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Facebook to launch its own cryptocurrency, Libra, in 2020

Caitlin Long, Co-founder of the Wyoming Blockchain Coalition, recently spoke about Facebook's entry into the cryptocurrency space with the introduction of Libra, in an interview on WhatBitcoinDid. "Moving money around the world should be as easy and cheap as sending a text message", Facebook says on its website.

Those born under the "Libra" astrological sign are voicing opposition to the name given to the social network's forthcoming digital currency, unveiled Tuesday. Unlike the others, the company says, Libra's value will be tied to real money backed by banks and government securities in major currencies like the US dollar, euro, yen and others. Stablecoins are cryptocurrencies pegged to the US Dollar and is created to minimise the effects of price volatility.

According to the white paper, Libra will be administrated by a not-for-profit consortium based in Switzerland which includes Mastercard, PayPal, Visa, Stripe, eBay, Coinbase, Andreessen Horowitz and Uber among its founding members.

"Facebook is already too big and too powerful", said Sen. The lawmakers want the CEO to explain how the currency would work, how the data would be secured and what consumer protections would be offered.

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Cointelegraph has also reported that the Chairman of the Russian State Duma Committee on Financial Market Anatoly Aksakov said that the country would not legalize the use of the token.

The argument that this is a stablecoin - a cryptocurrency whose value is pegged to be as stable as the dollar - is unlikely to pass muster with the banking regulator, due to concerns around tax evasion, money laundering and fraud, as per Rastogi.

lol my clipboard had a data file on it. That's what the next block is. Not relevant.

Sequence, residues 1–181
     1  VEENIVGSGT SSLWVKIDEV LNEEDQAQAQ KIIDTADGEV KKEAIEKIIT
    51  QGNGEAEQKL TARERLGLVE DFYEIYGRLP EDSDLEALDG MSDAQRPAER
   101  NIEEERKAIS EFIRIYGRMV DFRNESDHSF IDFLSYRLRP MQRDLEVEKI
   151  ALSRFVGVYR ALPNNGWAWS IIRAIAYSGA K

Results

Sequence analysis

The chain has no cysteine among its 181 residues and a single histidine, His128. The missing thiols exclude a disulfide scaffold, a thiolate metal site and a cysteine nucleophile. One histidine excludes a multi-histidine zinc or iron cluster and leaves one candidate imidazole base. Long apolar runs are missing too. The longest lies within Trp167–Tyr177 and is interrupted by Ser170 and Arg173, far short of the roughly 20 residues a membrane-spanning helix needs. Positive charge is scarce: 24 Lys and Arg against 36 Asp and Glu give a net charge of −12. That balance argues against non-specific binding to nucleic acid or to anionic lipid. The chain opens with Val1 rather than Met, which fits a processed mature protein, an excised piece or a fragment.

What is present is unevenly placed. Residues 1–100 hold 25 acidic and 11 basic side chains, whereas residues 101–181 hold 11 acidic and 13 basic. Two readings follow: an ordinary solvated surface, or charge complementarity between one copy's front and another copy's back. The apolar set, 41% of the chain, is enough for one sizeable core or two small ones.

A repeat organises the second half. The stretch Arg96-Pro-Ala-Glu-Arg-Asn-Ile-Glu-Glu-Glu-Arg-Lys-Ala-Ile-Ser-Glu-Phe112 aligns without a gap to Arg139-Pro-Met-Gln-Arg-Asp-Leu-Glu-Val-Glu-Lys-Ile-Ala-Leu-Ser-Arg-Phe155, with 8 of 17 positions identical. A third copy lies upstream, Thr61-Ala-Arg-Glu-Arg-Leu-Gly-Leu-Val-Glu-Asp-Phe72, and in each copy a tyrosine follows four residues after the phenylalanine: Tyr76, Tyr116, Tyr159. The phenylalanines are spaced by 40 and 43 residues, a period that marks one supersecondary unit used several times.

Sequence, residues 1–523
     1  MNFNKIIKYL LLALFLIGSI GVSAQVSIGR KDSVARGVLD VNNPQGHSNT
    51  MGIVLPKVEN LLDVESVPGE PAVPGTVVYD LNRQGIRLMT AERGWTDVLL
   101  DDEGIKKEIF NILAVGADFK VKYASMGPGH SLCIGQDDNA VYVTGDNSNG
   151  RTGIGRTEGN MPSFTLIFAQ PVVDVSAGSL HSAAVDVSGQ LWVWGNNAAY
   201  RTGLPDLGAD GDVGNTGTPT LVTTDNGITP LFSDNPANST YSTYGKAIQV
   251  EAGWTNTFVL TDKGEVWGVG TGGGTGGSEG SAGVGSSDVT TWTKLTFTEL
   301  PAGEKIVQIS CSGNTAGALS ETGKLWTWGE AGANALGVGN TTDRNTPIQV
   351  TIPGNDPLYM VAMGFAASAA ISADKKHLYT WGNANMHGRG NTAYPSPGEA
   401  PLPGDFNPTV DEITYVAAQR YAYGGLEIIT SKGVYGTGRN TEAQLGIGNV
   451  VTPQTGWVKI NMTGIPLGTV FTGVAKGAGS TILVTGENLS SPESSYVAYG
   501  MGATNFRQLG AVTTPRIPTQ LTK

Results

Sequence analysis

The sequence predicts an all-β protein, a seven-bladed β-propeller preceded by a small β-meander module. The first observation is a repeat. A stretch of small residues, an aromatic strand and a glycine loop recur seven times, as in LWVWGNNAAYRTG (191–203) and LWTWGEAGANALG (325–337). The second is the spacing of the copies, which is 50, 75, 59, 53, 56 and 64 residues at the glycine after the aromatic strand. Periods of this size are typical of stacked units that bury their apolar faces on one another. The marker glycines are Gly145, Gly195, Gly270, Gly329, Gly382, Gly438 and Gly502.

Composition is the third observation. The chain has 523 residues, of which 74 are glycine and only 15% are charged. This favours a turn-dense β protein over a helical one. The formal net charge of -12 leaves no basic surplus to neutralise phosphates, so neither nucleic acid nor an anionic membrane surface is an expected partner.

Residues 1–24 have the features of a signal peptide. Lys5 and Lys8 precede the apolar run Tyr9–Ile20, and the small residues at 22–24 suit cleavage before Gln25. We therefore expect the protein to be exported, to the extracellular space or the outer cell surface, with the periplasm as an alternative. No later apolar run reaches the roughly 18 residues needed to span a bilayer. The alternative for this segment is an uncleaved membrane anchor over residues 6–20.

With so many adversarial situations trying pull down shutters on cryptocurrencies, it seems that the journey of Facebook's Libra in India may have already come to a premature end. Facebook confirmed that Calibra, which is the digital wallet for Libra transfers, will not be available in countries where cryptocurrencies are banned.

The Libra blockchain technology will apparently be able to handle 1,000 transactions per second, compared to Bitcoin's seven transactions per second or Ethereum's 15 transactions per second.

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Facebook has engaged with regulators in the United States and overseas about the planned cryptocurrency, company executives said.

Nonetheless, Facebook promises not to "share account information or financial data with Facebook, Inc. or any third party without customer consent".

Perhaps the most interesting comment was the fact that Facebook took the time to meet with the Fed in advance of the Libra announcement.

Facebook says the currency's mission is to "reinvent money" and "transform the global economy so people everywhere can live better lives".

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Update: Following the publication of this article, a Facebook representative told The Block in a message that "Calibra will be available in all places where FB is available and crypto is legal".

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